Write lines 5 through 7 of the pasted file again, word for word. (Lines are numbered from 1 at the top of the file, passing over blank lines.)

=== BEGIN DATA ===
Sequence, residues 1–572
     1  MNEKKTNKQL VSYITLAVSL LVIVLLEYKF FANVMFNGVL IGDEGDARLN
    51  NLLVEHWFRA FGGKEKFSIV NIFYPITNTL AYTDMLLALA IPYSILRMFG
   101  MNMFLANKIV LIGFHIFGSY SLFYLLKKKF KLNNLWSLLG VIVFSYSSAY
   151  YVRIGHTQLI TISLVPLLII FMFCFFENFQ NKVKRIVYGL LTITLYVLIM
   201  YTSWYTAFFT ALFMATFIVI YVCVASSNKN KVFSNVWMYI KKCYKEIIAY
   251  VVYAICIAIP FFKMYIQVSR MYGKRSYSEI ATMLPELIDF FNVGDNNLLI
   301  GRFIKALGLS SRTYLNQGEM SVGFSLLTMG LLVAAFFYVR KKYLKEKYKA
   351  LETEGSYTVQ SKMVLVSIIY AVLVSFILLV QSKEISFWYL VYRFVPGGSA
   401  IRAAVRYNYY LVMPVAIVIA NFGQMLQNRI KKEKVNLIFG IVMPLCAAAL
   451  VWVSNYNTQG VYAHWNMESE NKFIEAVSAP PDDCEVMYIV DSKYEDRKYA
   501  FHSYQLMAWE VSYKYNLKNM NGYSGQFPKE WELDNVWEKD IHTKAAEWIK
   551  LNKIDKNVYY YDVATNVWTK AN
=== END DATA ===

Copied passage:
   151  YVRIGHTQLI TISLVPLLII FMFCFFENFQ NKVKRIVYGL LTITLYVLIM
   201  YTSWYTAFFT ALFMATFIVI YVCVASSNKN KVFSNVWMYI KKCYKEIIAY
   251  VVYAICIAIP FFKMYIQVSR MYGKRSYSEI ATMLPELIDF FNVGDNNLLI